FIG. 4 illustrates a window 50 of a computer system display in which pages 51 of a video album 52 according to one embodiment are presented. The video album 52 contains separately viewable pages each containing one or more still images (53A, 53B, 53C) that have been generated by combining frames of a video. Text descriptions 54A, 54B, 54C are associated with each of the images, and may be automatically extracted from the audio track during video processing. Further, a sound and video icons may be associated with the images in the video album. When a viewer clicks the sound icon 55, a portion of the audio track that corresponds to the video segment used to generate still image 53B is played. Similarly, when a viewer clicks the video icon 56, the video is presented starting at the first frame of the video segment used to generate still image 53A. Virtual reality players may also be associated with the still images presented in the video album 52. For example, a panoramic player is invoked to allow the viewer to pan about within panoramic image 53A when the viewer clicks the PAN button 57. Similarly, a pan and zoom player is invoked to allow the viewer to pan and zoom within the multiple resolution still image 53C.
Although the pages 51 of the video album 52 are shown in FIG. 4 as being cascaded over one another, many alternate arrangements of pages may be used. For example, the pages 51 may be tiled, or individually selected by any number of scrolling techniques. The pages 51 may also be sorted based on a number of different criteria including, but not limited to, order of appearance in the video, nature of still image (e.g., panorama, multiple resolution still, etc.), legend text (e.g., grouping pages containing user-specified keywords together). Similarly, the individual still images of the video album 52 may be reorganized within the video album according to such criteria so that, for example, the video album is chronologically ordered or images are grouped according to subject matter.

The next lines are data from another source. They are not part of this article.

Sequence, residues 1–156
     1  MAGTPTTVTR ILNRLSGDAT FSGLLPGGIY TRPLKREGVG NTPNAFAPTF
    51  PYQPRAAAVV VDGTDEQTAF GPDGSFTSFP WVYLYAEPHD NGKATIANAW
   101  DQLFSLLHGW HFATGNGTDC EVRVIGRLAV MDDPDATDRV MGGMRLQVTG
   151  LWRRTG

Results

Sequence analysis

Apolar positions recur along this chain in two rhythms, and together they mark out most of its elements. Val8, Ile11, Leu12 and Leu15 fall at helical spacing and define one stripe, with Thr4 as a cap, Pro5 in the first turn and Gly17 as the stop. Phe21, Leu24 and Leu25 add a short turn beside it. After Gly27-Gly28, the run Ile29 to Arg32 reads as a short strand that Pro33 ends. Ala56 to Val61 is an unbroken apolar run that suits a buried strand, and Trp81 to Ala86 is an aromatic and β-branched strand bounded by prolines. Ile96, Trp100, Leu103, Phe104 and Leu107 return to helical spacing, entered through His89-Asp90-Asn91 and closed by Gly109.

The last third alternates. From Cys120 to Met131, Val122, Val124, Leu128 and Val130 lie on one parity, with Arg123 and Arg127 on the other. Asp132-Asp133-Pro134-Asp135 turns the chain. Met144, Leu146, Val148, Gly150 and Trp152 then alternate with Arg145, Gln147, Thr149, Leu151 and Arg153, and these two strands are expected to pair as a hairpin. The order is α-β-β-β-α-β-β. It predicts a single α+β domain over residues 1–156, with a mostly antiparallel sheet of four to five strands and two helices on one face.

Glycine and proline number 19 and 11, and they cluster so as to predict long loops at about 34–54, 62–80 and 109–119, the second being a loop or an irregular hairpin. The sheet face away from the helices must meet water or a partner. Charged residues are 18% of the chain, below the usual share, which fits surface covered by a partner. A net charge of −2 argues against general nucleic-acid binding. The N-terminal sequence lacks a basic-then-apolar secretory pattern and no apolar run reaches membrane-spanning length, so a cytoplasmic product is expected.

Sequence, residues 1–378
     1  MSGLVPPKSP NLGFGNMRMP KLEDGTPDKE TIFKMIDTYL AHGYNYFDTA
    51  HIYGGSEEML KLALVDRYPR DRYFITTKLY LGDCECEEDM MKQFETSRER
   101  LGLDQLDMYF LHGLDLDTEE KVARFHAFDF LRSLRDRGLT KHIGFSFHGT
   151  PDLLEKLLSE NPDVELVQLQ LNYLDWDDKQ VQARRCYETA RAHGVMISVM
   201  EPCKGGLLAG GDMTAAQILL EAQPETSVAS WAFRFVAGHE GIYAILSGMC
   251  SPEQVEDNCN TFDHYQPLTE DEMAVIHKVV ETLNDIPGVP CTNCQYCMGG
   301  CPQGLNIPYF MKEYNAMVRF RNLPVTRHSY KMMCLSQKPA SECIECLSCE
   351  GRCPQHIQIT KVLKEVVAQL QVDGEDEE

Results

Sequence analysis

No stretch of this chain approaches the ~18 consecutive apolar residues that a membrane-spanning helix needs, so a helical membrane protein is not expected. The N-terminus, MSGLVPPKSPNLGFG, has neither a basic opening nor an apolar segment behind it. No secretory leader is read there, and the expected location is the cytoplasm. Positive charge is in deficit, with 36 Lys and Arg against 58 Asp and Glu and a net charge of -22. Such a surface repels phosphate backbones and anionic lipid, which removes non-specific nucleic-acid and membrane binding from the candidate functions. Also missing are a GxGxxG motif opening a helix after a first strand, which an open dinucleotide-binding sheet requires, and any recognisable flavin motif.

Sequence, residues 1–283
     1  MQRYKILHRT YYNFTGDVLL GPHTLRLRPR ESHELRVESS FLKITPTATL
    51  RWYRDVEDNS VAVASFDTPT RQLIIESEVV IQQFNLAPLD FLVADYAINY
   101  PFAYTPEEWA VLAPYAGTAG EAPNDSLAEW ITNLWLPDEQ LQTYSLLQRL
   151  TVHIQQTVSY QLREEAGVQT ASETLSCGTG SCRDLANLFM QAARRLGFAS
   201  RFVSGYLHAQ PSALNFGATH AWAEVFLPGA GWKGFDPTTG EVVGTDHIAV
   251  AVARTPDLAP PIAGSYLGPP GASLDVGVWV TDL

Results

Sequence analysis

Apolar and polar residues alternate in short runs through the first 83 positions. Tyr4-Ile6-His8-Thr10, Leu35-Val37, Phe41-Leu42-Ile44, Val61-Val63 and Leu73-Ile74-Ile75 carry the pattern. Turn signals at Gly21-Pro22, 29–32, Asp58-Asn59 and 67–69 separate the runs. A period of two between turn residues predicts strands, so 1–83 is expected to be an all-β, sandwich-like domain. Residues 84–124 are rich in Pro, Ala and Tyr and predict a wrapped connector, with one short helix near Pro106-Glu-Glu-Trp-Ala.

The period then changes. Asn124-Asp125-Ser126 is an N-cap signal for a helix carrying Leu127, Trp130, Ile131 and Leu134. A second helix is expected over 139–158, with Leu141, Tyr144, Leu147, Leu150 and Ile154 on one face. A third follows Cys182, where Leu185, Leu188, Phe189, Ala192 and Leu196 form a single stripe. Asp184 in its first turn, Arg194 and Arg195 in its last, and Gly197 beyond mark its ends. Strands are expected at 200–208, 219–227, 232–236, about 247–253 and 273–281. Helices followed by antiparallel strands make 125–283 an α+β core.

FIG. 5 illustrates a still image generator 60 according to one embodiment. The still image generator 60 includes a scene change estimator 61, a still image constructor 67, and a background motion estimator 65.
The scene change estimator 61 compares successive frames of the source video 10 to one another to determine when a transformation of a scene in the video frames exceeds a threshold. When applied to an entire source video 10, the effect of the scene change estimator 61 is to segment the sequence of frames in the source video 10 into one or more subsequences of video frames (i.e., video segments or clips), each of which exhibits a scene transformation that is less than a predetermined threshold. The background motion estimator 65 and still image constructor 67 process each video segment identified by the scene change estimator 61 to generate a composite still image having pixel values drawn from two or more of the frames in the video segment. Thus, the predetermined threshold applied by the scene change estimator 61 defines the incremental transformation of a scene which results in construction of a new still image of the still image set 15.
According to one embodiment, the scene change estimator 61 operates by determining a transformation vector for each pair of adjacent video frames in the source video. Herein, a first frame is considered to be adjacent a second frame if the first frame immediately precedes or succeeds the second frame in a temporal sequence of frames.
According to one embodiment, the transformation vector includes a plurality of scalar components that each indicate a measure of change in the scene from one video frame to the next. For example, the scalar components of a transformation vector may include measures of the following changes in the scene: translation, scaling, rotation, panning, tilting skew, color changes and time elapsed.